WE’VE ALL FAILED BEFORE
Let’s face the facts: we have all failed. Maybe not on a grand scale, but in some way or another, we’ve all screwed up. “According to the Duden, we fail if we ‘do not succeed’. But what happens if we turn this short-sighted concept of failure upside down? What if we rethink failure – as one of the surest routines to creative success, rather than as a path to ruin?
Perhaps the errors and circumstances that come together in so-called failures are not evil enemies at all, but rather the crucial building blocks for creating something new and exciting?
Almost perfect. Photo: Dumont
ALMOST PERFECT. ABOUT THE ART OF UNRESTRAINED FAILURE
In “Almost perfect. The art of unrestrained failure” creative director Erik Kessels explores precisely these questions. In a charming way, Kessels talks about how mistakes turn into ideas and explains why we should ask ourselves more often about the success that lies hidden in our failure.
So anyone who has only waited for the chance to finally give up the pointless hunt for perfection, but who has always let his superego win the day, will find here the necessary arguments with the help of which he can legitimize his failure before himself and the rest of the world:
SUCCESS BY FAILURE: THE TEN BEST TIPS
You are not alone. Everyone’s hoarding drawers full of failures and rejections. Joanne K. Rowling’s first Harry Potter manuscript, for example, was filed by several publishers. Not so bad for the author, how happy the story ended for her, we all know. But just think of the poor editors who first had the book on the table and rejected it…
If you avoid mistakes by not taking risks, you may not get into trouble, but you certainly won’t get any praise either. It is not very likely that this will be said about our mistakes, but: One mistake can change the world. Just think of Apple’s PDA. The company launched the first “Personal Digital Assistant” in 1993. While the PDA immediately attracted the derision of critics and consumers at the time and was ridiculed as “extravagant, useless and expensive”, today it is considered the early smartphone and tablet precursor and is celebrated as a “prophetic failure”.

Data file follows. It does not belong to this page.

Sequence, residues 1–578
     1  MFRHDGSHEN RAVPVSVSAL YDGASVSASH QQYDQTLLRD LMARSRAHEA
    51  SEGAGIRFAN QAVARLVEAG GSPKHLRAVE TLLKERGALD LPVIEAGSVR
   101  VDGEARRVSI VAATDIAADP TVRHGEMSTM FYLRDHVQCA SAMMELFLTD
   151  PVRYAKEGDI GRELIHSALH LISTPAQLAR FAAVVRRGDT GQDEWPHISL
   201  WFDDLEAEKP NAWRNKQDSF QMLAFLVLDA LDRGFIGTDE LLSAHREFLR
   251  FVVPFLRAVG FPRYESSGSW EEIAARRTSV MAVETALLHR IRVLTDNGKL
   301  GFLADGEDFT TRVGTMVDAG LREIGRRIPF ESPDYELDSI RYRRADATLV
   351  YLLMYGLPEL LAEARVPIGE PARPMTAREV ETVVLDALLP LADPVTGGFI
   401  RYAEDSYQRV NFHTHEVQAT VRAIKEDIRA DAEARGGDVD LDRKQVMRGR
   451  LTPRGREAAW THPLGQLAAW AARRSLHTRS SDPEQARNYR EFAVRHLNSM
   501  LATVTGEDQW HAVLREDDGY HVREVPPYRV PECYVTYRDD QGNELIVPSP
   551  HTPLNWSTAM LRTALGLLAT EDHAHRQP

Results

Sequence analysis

This leads to the conclusion that time not only heals all wounds, but also turns many a failure into a success. And with a little luck, something ingenious can even be created. Even Wilson Greatbatch’s pacemaker was the result of a breakdown. So failure is not necessarily a failure, but often only the starting point for something new.
Logic is overrated and boring, just think of the soporific sight of uniform cityscapes. Small mistakes make us take a closer look again – and thanks to the idiosyncratic charm they often develop, they remain in our memory much longer. The artist Heike Bollig knows this too. She has collected everyday objects that have been deformed by their creators. And thereby forces us to ask new questions. For example: “Is a pretzel that is not knotted still a pretzel”?
You think you have to give 110 percent? Forget it. If you want to get noticed, you should stop chasing after perfection, everyone else does that eventually. Imperfection is imprinted. Try an experiment, declare war on your instincts and celebrate for a while the potential beauty of unnecessary mistakes, you’ll see!
Forget all your knowledge, because freed from artistic visions and creative role models, sometimes the best works of art can be created. Learn from dilettantes. Your gift is your naivety. You are photographers? Then take a look at the beauty of randomly chosen image details and incorrect exposure of your Instagram followers.
Embrace self-doubt! Self-doubt is good to tackle things, but if you want to develop further, you should question yourself regularly. Insecurity is one of your most valuable resources.
Dare to be a failure. You will see that it is liberating to have a break from the pressure to succeed. And it also makes you like it.
Even Samuel Beckett said, “Always try. Always failing. No matter. Try again. Fail again. Better to fail. And if Beckett says so, there must be something to it.
Even in his successful agency, author Erik Kessels seems to be successfully “making mistakes” – for example by moving his office into an old 19th century church building.
Photo: Kesselskramer failure with success: “Almost perfect. The art of unrestrained failure” by Erik Kessels has been published by Dumont Verlag. Photo: Kessels Kramer
By the way, ex-Dior designer Raf Simons has just shown us how to fail successfully. You can find the right post here.